vROps Reports and PowerCLI Part 2: Downloading Reports

vROps Reports and PowerCLI Part 2: Downloading Reports

For your reference, here are the articles in this mini-series:


Following on from the previous article in this mini-series, this article demonstrates how to retrieve a generated report from vROps as a PowerShell object.

Downloading A Generated Report

The last step of the previous article was to use the GetReport() method to verify that your report generation was complete.


Name               :
Description        : Oversized VMs Report.
ResourceId         : 26717f44-cd8d-486a-821f-e1df41bb49b3
ReportDefinitionId : 1f69952f-7ff4-4d2c-9446-81a811de19b0
TraversalSpec      :
Subject            : VirtualMachine VirtualMachine
Owner              : f315d79d-72ac-46ff-a512-cb43073246c3
CompletionTime     : Wed May 16 12:07:50 BST 2018
Status             : COMPLETED
Links              : {linkToSelf, linkToResource, linkToReportDefinition}
Any                :
Id                 : 5ef2e8c9-09bb-4a74-b560-f9ad2e810854

Let’s take a look at the properties and methods of the GetReport() method using the Get-Member cmdlet.

$vrops.ExtensionData.GetReport("5ef2e8c9-09bb-4a74-b560-f9ad2e810854") | Get-Member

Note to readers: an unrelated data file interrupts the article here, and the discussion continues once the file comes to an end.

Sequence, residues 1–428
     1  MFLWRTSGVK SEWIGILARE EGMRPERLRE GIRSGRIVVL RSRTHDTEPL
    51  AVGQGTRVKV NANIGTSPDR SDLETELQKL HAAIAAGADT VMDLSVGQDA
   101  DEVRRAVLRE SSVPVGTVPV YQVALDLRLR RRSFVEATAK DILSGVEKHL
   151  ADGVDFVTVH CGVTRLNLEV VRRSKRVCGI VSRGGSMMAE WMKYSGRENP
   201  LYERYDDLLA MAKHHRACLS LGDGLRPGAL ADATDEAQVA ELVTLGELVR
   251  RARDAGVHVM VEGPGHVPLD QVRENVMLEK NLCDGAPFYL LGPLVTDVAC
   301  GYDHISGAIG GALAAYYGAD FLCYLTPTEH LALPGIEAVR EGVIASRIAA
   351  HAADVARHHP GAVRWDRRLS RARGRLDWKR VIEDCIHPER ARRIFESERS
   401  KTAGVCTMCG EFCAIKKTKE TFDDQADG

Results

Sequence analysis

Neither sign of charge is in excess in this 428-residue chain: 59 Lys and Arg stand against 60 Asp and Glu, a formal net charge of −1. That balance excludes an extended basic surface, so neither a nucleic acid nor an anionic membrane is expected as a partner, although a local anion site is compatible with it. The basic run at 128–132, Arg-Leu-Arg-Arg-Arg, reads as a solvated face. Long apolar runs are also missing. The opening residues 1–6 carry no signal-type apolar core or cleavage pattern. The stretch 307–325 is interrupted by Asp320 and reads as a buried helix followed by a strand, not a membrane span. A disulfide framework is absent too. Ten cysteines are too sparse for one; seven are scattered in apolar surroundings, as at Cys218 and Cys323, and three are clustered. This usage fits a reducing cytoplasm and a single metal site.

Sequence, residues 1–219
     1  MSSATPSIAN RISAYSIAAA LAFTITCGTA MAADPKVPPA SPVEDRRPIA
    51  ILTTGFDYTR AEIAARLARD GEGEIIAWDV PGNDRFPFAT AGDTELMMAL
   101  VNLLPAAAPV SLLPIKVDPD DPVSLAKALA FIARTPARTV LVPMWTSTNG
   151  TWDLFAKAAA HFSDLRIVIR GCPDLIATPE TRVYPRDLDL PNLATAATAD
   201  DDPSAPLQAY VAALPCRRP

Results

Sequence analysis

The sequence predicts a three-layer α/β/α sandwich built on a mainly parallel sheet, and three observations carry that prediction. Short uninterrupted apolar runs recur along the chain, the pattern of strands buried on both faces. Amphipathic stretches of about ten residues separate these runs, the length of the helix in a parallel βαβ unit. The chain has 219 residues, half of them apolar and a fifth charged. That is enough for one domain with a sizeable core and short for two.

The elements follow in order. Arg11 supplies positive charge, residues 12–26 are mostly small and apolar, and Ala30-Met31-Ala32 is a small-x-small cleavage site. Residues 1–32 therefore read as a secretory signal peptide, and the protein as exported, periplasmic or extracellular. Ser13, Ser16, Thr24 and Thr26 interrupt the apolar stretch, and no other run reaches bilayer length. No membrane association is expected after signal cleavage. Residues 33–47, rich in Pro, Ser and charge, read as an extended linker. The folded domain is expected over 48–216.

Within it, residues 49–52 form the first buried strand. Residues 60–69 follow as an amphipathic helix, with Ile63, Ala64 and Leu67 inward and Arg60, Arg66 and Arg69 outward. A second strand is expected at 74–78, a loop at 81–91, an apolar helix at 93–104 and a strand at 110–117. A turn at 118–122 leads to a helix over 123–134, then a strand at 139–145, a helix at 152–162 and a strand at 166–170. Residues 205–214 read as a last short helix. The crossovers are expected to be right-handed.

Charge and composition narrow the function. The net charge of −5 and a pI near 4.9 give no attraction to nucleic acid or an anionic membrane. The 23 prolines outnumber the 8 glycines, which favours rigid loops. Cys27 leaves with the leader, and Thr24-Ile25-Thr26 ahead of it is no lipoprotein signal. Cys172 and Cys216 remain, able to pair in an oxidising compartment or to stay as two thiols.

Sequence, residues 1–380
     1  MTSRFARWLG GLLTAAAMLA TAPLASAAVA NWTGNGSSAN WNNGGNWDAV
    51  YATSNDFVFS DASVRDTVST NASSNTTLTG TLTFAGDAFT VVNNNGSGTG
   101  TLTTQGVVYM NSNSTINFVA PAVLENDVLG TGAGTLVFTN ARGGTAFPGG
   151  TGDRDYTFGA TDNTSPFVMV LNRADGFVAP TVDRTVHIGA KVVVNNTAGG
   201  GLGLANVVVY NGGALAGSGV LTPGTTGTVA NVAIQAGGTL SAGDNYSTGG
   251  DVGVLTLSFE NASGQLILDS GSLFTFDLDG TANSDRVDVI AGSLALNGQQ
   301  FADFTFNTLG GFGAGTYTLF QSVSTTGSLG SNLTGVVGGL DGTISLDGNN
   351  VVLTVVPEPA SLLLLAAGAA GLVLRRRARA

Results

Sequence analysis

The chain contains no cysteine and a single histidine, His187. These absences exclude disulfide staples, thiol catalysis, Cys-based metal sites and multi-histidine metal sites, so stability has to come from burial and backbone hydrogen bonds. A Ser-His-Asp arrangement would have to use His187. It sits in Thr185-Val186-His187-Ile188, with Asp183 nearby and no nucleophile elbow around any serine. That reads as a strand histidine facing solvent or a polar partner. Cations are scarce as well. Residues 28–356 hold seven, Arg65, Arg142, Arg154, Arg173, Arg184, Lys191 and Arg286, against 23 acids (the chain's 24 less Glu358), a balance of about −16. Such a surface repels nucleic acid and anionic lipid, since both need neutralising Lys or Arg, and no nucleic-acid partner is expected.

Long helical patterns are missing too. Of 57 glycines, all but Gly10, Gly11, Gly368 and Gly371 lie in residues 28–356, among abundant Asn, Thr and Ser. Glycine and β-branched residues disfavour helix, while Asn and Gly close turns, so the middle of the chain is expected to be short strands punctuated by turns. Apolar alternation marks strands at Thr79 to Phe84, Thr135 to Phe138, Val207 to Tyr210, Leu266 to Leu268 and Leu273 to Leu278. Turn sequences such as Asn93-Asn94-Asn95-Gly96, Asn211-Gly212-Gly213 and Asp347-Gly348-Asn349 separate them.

TypeName: VMware.VimAutomation.VROps.Views.Report

Name                MemberType Definition
----                ---------- ----------
DownloadReport      Method     void DownloadReport(System.IO.Stream outputStream, string format)
DownloadReportAsync Method     System.Threading.Tasks.Task DownloadReportAsync(System.Threading.CancellationToken cancellationToken, System.IO.Stream outputStream, string format), System.Threading.Tasks.T...
Equals              Method     bool Equals(System.Object obj)
GetHashCode         Method     int GetHashCode()
GetType             Method     type GetType()
ToString            Method     string ToString()
Any                 Property   System.Xml.XmlElement[] Any {get;set;}
AnyAttr             Property   System.Xml.XmlAttribute[] AnyAttr {get;set;}
CompletionTime      Property   string CompletionTime {get;set;}
Description         Property   string Description {get;set;}
Id                  Property   string Id {get;set;}
Links               Property   VMware.VimAutomation.VROps.Views.LinkTag[] Links {get;set;}
Name                Property   string Name {get;set;}
Owner               Property   string Owner {get;set;}
ReportDefinitionId  Property   string ReportDefinitionId {get;set;}
ResourceId          Property   string ResourceId {get;set;}
Status              Property   string Status {get;set;}
Subject             Property   string Subject {get;set;}
TraversalSpec       Property   VMware.VimAutomation.VROps.Views.TraversalSpec TraversalSpec {get;set;}

Right at the top of that list is DownloadReport(), which is the method that we are after. To see which properties the DownloadReport() method expects as its inputs, we can call the method on its own.


void DownloadReport(System.IO.Stream outputStream, string format)